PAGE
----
Objective: To evaluate the validity and responsiveness of a modified SF-36 within a spinal cord-injured (SCI) population.
Study design: SF-36 scores collected at baseline and on completion of a randomized controlled trial in 305 patients with SCI and neuropathic bladder.
Setting: New South Wales, Australia.
Methods: Subjects were administered the standard SF-36 plus three additional questions, in which 'walk' was replaced with 'wheel' for three of the physical function (PF) questions. Discriminant validity was determined by comparing participants with paraplegia and tetraplegia using the effect size (ES). Responsiveness was assessed in the subset of patients who developed a urinary tract infection (UTI) during the trial using the standardized response mean (SRM).
Results: Compared with the standard SF-36, the SF-36 walk-wheel modification (SF-36ww) increased the mean PF score from 18 to 39 (P<0.001) and the physical composite score from 33 to 37 (P<0.001). Discriminant validity was similar for both versions (PF paraplegia/tetraplegia: ES 1.09(SF-36) vs 1.08(SF-36ww), n=305). Among 138 SCI patients who developed a UTI, the SF-36ww almost doubled PF responsiveness for all neurological levels (SRM increased from 0.36 to 0.68), more so in tetraplegic (SRM, 0.11 vs 0.58; n=77) than paraplegic groups (SRM, 0.77 vs 0.86; n=61).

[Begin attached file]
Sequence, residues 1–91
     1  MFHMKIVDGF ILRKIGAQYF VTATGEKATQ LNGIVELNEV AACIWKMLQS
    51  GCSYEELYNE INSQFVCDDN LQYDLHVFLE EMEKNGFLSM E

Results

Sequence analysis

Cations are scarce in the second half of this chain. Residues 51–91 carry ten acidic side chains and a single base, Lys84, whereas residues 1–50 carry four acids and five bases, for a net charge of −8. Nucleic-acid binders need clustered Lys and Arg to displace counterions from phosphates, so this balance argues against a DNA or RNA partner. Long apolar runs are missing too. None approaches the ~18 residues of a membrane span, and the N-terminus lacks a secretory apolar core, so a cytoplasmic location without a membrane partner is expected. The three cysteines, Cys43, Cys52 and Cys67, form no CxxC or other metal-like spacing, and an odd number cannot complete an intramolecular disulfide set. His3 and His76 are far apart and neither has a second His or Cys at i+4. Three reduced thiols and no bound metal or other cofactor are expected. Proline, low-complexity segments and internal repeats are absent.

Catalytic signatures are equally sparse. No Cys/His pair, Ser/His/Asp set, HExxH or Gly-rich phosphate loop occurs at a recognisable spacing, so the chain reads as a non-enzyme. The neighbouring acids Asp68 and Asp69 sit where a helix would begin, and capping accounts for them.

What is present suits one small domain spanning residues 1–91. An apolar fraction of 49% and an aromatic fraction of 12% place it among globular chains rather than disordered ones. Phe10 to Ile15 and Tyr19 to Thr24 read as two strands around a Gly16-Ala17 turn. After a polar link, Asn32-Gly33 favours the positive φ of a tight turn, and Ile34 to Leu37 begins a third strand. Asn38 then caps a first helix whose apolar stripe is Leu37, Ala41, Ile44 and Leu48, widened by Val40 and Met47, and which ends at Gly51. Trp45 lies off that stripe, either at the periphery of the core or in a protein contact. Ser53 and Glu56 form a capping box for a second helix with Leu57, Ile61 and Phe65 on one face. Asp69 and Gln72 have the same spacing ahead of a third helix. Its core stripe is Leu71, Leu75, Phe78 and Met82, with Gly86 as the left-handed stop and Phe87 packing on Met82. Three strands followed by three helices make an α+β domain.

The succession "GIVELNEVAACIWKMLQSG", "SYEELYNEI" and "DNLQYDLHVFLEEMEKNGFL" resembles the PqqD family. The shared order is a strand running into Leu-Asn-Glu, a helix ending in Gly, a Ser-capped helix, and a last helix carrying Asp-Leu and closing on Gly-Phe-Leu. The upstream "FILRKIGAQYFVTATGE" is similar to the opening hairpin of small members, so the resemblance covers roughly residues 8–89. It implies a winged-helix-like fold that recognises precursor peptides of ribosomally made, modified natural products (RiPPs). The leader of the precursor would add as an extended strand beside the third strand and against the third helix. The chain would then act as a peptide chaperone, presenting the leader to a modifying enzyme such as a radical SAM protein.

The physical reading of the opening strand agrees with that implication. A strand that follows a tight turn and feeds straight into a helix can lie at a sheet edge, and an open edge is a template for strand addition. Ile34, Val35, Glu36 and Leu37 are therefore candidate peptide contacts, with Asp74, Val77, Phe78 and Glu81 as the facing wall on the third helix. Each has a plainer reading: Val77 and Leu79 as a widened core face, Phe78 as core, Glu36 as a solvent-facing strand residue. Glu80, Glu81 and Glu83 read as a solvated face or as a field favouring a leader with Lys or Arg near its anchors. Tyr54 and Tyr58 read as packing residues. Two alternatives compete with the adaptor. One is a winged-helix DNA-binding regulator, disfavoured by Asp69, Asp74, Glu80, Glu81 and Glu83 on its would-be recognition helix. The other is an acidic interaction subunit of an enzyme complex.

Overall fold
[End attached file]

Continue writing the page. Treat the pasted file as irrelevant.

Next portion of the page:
Conclusion: The SF-36ww is a simple, pragmatic modification of the SF-36 PF items, which addresses some problems of content validity and floor effect for SCI subjects and greatly improves responsiveness, particularly for those with tetraplegia. Because it comprises a simple addition to the standard SF-36, external comparisons are preserved.